I'm a big fan of Kieron Gillen and Jamie McKelvie's work, and have written about them on this blog before. So I was really happy that they were willing to chat with me at the MCM Expo. I kept the discussion entry-level, as this was going up at Den of Geek, but it was nice to be able to get an overview of their work, and ask Kieron about his upcoming comic for Avatar - The Heat - for which I believe I got the exclusive. Fun! (Although, it was hard writing about Phonogram in the introduction. What to say about my favourite current comic in such short space?)
My first attempt to start up an interview with Kieron Gillen and Jamie McKelvie, the creative team behind the music-worship comic Phonogram, was interrupted by a scheduled performance from a Japanese Taiko Drumming band occurring within blistering earshot. We reconvened later, at a pub nearby, overlooking the cosplay vapour trail as the thousands of cosplayers and expo-attendees traipsed home.
Phonogram is definitely one of the more interesting comics of the moment. It brings together a metaphoric concoction of (mostly, but not solely 'indie') music, fantasy and youth culture to make startlingly well-observed and insightful commentary on music and those who listen to it. Taking concepts, applications and effects related to music, Phonogram manages to communicate a lot of the verve and energy of that subculture, in a way that trumps a vast amount of the journalistic, critical, writerly approaches to the topic. Chalk it up to the team's great balancing of style and content - of Gillen's sharp, character-led scripts, and McKelvie's consistently staggering artwork, that give small details (a pursed lip, a mid-dance freeze frame) great importance.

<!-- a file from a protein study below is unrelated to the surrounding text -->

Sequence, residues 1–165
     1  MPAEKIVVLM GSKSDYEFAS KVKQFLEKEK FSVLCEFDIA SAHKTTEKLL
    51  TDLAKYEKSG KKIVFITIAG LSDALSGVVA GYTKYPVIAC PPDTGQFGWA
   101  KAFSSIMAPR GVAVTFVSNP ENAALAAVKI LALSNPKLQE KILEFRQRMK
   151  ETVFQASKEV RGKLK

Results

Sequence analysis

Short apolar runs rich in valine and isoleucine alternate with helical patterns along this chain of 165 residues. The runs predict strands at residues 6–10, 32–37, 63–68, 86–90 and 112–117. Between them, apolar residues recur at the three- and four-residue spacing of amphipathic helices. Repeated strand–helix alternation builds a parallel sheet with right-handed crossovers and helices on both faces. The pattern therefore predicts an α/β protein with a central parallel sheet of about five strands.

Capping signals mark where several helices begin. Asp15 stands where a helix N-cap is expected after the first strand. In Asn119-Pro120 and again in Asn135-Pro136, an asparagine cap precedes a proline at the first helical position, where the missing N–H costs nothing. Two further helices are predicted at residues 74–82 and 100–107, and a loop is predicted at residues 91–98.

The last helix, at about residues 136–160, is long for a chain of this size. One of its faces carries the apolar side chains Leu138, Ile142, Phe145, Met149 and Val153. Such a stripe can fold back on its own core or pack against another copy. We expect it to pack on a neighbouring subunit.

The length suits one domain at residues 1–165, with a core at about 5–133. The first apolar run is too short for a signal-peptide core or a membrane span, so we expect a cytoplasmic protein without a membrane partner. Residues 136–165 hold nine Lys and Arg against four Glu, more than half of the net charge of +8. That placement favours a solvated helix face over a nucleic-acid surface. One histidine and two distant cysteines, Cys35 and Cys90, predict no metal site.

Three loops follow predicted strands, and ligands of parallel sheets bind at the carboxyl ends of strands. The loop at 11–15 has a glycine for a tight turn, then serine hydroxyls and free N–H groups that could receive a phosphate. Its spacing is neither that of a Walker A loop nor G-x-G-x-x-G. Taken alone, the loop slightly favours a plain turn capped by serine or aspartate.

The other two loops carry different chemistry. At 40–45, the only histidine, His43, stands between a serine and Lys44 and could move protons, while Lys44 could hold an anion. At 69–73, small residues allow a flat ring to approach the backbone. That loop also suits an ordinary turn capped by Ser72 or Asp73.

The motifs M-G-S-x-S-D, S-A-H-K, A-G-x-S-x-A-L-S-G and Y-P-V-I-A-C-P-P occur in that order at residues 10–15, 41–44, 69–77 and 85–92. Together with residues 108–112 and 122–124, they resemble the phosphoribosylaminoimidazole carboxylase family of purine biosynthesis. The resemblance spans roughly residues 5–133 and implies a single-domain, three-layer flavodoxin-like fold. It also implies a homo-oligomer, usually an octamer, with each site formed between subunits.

The success of the series has led to the two of them working on many other comic projects. McKelvie has released one series of his own book, Suburban Glamour, about teenagers in small-town Worcestershire. Gillen, known to many as a noted video games journalist, is now penning (plentiful) projects for Marvel, including an upcoming run on Thor, and a recently-published limited series Beta Ray Bill: Godhunter. He is also working on an only-announced-on-Saturday story for Avatar Press, The Heat.
We chat about their experience at the MCM Expo, as well as Phonogram, Suburban Glamour, and what it is like working for the larger publishers, on properties that have been developing and gestating for generations. Gillen also fills us in on The Heat, a project that has been teased as involving 'cops on Mercury'.
Read the full article here.